Full text 
Verbatim report of proceedings
Tuesday, 16 April 2019 - Strasbourg Revised edition

16. Situation in Sudan (debate)
Video of the speeches

  Przewodniczący. – Kolejnym punktem porządku dziennego jest oświadczenie wiceprzewodniczącej Komisji / wysokiej przedstawiciel Unii Europejskiej do spraw zagranicznych i polityki bezpieczeństwa Federiki Mogherini w sprawie sytuacji w Sudanie (2019/2703(RSP))


  Federica Mogherini, Vice-President of the Commission / High Representative of the Union for Foreign Affairs and Security Policy. – Mr President, the people of Sudan are asking for change. For four months now they have demonstrated, not only against the dramatic increase in the price of essential goods, but mainly and also for freedom, peace and justice. The image of a Sudanese student – a girl standing in a white dress on the roof of a car, speaking to the crowd – has already become a symbol. She’s now called the Sudanese Statue of Liberty, and we Europeans want to support this aspiration to liberty. The Europeans want the people of Sudan to succeed. We want their call for liberty to be heard and to translate into real change for a country that has already suffered too much.

Last week the Sudanese military took over power and put Omar al-Bashir under house arrest. As you all know, al-Bashir has been indicted by the International Criminal Court, and we have repeatedly asked to execute the arrest warrant. The military leaders initially announced a two-year transition to be led by a transitional military council, composed of different strands of the security forces. This announcement was quickly rejected by both the protesters and the opposition parties. They asked for a concrete guarantee of a much quicker civilian transition. We have supported this request, indicating that a military council would not provide the right answers to the people’s demands and requesting a swift handover to a civilian transitional government. Over the last few days, the military establishment has tried to bridge the gap with a certain show of goodwill. The head of the transitional military council was changed; the head of National Intelligence and Security Service resigned; and some political detainees were freed.

These steps have signalled that there may be space for a negotiation. It is clear that, without a true transition, the crisis in Sudan is likely to continue. To prevent such a scenario, there has to be a swift handover to a civilian transitional government with real decision-making authority. This would open the way for a peaceful, credible and inclusive political process to finally address the Sudanese people’s demand for political and economic reforms.

Our first priority must be to prevent further violence. We welcome the lifting of the curfew established on the day of the coup, and we call on all parties to refrain from the use of force and any form of provocation. We also expect further confidence-building measures to be taken by the transitional military council, such as the liberation of all remaining political detainees and the reform of the security sector. Security forces must be held accountable for the deaths and the abuses that have occurred in recent weeks and months. These measures would help create the right environment for meaningful political negotiations, so that all parties – including a transitional military council, the Sudanese Professionals Association and other political actors – can cooperate in good faith. It is also important that the opposition remains united at this critical moment.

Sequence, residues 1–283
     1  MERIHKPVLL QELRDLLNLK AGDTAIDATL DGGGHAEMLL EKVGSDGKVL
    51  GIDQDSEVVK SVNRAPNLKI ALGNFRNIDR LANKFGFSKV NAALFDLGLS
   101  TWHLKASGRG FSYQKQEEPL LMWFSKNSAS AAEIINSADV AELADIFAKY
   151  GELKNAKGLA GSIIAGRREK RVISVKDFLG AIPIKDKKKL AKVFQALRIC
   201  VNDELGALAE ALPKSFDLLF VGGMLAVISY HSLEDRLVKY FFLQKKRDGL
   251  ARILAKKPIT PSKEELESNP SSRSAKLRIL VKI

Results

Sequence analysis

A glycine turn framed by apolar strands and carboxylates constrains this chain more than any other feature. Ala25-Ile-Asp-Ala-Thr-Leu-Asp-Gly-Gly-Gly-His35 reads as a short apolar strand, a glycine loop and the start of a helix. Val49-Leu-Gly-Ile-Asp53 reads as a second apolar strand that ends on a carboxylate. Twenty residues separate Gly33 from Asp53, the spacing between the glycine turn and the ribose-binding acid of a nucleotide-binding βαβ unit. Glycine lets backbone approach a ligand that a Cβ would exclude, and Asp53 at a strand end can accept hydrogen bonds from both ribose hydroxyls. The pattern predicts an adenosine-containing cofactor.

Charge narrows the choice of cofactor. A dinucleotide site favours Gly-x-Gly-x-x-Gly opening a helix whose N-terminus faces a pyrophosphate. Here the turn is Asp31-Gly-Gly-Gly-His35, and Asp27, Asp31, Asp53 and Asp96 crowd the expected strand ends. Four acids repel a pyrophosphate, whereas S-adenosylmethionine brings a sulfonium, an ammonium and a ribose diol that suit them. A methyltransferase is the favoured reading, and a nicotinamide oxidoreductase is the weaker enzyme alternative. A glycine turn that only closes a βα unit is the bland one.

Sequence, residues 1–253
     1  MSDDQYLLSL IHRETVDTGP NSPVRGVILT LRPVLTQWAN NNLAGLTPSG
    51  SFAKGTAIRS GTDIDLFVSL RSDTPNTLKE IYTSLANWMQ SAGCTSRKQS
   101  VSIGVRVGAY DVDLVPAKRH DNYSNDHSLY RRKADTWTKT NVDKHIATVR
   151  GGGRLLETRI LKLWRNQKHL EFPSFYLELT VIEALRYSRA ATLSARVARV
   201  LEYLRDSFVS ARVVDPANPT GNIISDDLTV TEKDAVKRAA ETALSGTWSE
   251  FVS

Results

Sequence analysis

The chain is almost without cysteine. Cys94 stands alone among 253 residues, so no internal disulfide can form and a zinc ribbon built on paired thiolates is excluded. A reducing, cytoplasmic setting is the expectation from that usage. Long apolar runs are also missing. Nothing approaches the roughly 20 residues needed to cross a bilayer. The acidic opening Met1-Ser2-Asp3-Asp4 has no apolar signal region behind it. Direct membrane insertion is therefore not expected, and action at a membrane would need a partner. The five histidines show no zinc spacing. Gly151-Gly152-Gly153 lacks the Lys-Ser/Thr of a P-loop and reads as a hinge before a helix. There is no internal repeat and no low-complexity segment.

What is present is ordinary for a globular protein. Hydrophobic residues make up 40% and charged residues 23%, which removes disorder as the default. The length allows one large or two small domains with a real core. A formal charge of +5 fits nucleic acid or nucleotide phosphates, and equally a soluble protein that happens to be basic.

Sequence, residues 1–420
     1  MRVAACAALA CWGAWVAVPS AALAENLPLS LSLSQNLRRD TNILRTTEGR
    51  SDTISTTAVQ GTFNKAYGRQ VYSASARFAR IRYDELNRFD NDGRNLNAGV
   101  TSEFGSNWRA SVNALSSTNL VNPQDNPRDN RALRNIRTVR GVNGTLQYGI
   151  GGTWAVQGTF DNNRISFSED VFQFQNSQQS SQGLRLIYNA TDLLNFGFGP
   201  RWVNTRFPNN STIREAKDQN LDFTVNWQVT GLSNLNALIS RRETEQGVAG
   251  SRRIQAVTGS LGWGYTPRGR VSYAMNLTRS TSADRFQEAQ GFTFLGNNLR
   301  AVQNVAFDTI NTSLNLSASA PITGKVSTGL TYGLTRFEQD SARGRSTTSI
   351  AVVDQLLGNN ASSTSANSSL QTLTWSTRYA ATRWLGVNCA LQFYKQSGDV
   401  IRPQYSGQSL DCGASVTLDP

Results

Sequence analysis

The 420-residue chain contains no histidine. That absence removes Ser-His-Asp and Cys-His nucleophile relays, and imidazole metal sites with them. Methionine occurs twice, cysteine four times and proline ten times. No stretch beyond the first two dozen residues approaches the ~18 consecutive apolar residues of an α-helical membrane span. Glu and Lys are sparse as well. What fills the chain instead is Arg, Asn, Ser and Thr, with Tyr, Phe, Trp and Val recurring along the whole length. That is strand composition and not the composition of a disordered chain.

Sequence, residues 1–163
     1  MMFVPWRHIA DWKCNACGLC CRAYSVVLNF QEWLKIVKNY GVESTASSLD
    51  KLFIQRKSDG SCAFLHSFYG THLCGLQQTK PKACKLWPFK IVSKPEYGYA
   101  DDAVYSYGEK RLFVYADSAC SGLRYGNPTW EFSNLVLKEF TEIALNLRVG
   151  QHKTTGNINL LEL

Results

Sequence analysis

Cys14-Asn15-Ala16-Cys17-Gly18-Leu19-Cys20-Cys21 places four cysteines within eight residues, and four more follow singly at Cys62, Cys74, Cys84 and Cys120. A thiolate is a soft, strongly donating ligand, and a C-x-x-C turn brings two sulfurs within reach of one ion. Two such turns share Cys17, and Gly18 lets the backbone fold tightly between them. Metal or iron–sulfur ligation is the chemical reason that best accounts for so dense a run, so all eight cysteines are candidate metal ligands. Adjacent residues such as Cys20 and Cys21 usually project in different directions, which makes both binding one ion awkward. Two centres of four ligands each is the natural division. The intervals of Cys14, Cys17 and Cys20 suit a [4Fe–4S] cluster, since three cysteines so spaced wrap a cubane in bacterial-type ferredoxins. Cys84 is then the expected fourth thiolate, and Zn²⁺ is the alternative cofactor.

Let me conclude by referring to the fact that in our statement, in our positions last week, we referred to the position taken by the chairperson of the African Union Commission, Moussa Faki. Today, I can only subscribe to the position taken yesterday by the African Union’s Peace and Security Council. The African Union has demanded the immediate handover of power to a civilian-led transitional authority, which should happen in the next 15 days, and this transitional authority, once installed, should ensure an inclusive and consultative process to agree on the exact modalities of the transition towards free, fair and transparent elections. And, just like our African brothers and sisters, we want the transition to be managed by civilians. So we fully support the African Union demand and position on this issue, as on many others. As long as this is not the case, as long as the transition is not managed by civilians, the European Union will not recognise the legitimacy of the transitional military council. But as soon as a civilian transition takes place, the European Union will be ready to accompany it, both politically and also economically.


  Joachim Zeller, im Namen der PPE-Fraktion. – Herr Präsident! Wieder ist Afrika in Bewegung geraten. In Algerien und im Sudan haben die Menschen in friedlichen Protesten und mit großem Mut das vorher fast unmöglich Scheinende geschafft: Sie haben zwei Diktatoren zum Rücktritt gezwungen. Doch die Menschen wollen mehr: Sie wollen eine freie, auf demokratischen Prinzipien aufgebaute Gesellschaft. Jeder weiß, wie schwierig es ist, nach jahrzehntelanger Gewaltherrschaft und Verbrechen gegen die Menschlichkeit im eigenen Land das zu erreichen. Und noch ist die Lage im Sudan sehr fragil. Keiner weiß, ob die im Land herrschenden militärischen Strukturen den Weg zu einer zivilen Regierung freigeben werden.

Die EU ist gefordert, aus der Vergangenheit zu lernen. Wir brauchen eine einheitliche, kohärente Haltung aller Mitgliedstaaten unter Vorsitz der Hohen Vertreterin zum Sudan, um in Zusammenarbeit mit der Afrikanischen Union die zivilen Kräfte im Sudan zu unterstützen, damit aus dem Sudan kein zweites Libyen wird. Als erstes sind die politischen Gefangenen freizulassen, und darüber hinaus sind den bisher unterdrückten Minderheiten Autonomierechte zu gewähren.